Sunday, May 20, 2012

An Inopportune Walk

This evening my wife decided to take a walk at a most inopportune time. The timing was less than ideal, as Abigail decided to start crying almost the instant the door closed, and I was all alone for however long a walk Hannah would take.

I finished the line of Greek homework I was on, hoping it was just a moment of restlessness on her part, but the English translation was made and my child was still expressing her discontent the only way she knows how. I laid the laptop on the floor, took a deep breath, and walked into the room from whence the commotion was originating.

There in the dark lay a poor mess. Although she's never seen any shows on Animal Planet, she was imitating with great success the death roll of a saltwater crocodile while still in her crib, the wooden bars preventing her from rolling out of the crib. I picked up the puddle of mush as leaving her in the crib would do nothing to aid her in returning to her restful state, much less in returning me to mine.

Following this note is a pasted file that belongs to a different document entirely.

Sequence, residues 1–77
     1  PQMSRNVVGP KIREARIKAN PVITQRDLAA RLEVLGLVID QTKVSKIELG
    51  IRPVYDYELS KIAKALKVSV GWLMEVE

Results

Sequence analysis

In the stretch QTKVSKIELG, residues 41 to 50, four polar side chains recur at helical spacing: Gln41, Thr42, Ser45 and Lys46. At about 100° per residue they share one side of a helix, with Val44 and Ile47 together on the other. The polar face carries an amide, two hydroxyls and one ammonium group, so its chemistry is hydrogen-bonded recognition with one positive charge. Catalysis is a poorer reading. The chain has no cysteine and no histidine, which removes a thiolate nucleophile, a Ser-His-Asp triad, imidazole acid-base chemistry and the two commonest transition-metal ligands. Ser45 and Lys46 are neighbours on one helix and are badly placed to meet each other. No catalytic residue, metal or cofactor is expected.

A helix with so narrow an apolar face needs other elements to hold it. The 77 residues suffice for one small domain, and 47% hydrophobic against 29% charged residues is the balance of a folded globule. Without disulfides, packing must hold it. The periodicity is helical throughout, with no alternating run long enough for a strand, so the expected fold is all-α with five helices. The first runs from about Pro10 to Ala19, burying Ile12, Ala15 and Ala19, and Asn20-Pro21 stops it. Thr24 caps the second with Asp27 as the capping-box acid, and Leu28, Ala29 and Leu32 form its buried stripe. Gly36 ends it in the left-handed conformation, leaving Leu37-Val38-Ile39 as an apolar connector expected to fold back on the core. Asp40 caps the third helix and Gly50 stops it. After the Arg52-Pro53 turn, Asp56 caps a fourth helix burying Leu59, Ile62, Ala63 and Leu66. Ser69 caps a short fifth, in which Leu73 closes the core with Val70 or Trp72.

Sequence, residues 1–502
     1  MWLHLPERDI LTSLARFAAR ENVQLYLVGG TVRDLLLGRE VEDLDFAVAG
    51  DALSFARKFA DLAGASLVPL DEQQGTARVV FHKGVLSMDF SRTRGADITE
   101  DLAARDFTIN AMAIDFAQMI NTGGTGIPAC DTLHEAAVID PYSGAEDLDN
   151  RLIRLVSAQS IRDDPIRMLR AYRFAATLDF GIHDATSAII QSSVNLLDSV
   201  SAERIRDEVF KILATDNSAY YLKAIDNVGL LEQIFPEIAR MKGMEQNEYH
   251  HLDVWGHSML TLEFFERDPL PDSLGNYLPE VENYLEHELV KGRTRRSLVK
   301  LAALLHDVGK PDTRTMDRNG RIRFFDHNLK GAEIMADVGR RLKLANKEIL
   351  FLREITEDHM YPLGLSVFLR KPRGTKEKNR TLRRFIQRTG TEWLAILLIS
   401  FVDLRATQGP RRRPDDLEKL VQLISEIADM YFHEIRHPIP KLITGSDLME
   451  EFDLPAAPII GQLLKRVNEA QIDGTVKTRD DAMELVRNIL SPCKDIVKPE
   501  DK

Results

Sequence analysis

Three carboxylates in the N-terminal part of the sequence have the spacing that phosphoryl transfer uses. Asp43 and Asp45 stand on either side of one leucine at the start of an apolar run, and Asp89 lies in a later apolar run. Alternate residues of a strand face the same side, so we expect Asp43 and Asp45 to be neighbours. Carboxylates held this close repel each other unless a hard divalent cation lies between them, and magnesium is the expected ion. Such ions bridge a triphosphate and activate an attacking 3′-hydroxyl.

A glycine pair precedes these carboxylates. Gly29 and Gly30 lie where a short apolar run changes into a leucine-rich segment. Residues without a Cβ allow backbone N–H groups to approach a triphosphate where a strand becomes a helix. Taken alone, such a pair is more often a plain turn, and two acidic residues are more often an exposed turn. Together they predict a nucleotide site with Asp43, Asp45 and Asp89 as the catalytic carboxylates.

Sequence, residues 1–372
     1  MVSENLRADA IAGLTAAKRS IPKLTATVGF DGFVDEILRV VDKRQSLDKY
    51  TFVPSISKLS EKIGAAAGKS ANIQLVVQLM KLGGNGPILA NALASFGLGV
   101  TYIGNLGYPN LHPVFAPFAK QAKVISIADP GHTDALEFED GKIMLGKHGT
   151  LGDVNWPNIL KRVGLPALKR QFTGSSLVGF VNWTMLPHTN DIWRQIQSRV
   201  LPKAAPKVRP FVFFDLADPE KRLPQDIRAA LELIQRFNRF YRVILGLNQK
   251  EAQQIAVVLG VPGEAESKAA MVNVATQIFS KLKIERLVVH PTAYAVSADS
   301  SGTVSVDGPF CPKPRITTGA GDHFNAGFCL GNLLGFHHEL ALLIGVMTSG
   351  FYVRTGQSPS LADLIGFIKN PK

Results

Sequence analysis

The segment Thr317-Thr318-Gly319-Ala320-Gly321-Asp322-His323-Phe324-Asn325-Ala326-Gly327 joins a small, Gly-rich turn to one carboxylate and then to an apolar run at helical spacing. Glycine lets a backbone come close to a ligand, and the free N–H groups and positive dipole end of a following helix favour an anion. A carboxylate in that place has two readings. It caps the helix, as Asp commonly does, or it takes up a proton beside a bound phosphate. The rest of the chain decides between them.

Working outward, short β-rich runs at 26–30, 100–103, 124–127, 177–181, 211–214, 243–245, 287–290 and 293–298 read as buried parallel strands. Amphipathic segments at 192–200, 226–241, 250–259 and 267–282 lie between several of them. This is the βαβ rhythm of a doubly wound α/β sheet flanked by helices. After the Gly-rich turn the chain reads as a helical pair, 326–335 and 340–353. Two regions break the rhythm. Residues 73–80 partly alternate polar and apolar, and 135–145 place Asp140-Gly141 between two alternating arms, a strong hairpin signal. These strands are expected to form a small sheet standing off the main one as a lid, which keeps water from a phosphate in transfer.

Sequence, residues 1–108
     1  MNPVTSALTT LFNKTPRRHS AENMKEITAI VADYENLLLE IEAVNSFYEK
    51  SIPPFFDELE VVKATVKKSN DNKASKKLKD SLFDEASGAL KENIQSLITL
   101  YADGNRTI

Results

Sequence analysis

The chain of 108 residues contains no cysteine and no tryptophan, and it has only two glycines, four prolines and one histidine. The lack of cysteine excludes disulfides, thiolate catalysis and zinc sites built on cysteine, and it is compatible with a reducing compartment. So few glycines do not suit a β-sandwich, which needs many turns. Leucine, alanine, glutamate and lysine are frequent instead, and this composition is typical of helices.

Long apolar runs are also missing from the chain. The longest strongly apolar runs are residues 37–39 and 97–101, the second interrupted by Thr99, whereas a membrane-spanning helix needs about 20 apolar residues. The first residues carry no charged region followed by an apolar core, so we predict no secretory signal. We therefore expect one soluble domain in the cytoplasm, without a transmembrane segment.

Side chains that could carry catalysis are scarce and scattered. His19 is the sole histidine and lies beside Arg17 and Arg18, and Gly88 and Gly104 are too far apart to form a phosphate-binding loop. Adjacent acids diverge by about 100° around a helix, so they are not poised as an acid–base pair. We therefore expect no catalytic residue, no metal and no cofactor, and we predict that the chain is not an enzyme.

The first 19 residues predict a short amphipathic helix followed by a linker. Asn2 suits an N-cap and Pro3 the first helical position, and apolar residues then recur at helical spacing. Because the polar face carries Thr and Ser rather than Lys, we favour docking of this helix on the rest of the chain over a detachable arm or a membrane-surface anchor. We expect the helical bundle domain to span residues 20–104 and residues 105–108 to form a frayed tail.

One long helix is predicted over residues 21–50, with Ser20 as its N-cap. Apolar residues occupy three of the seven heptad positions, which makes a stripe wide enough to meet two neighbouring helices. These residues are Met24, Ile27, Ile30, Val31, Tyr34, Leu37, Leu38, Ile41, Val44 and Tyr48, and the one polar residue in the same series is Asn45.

Hannah is quite skilled in turning a puddle of mush back into a sleeping infant, whereas my efforts at soothing the sobbing semiconscious mass had little effect, no so much as upgrading the puddle into a halfway gelatinous mix of tears and child. For a moment I was transported back to the first few weeks after Abigail came home from the hospital and turned me into a chronic consumer of caffeine. During those nights I was overcome with both despair and annoyance because the bubbling mass of tears was interrupting my already limited window allotted to sleep.

But tonight was different. I've mellowed out some since those first few weeks, and I hear that's a good sign that the sleep deprivation hasn't left any long-term damages to my body or psyche. Looking down into the drowsy eyes and gaping mouth, I saw a precious gift of time. The changes that have occurred in Abigail since last September are so profound that I can't help but think of how little time we have before our children leave their current stage of life forever. She won't always be this little. She won't always be this dependent on me. Wisdom tells me to take it all in one moment at a time and cherish it while it lasts.

An inopportune walk. A timely reminder.

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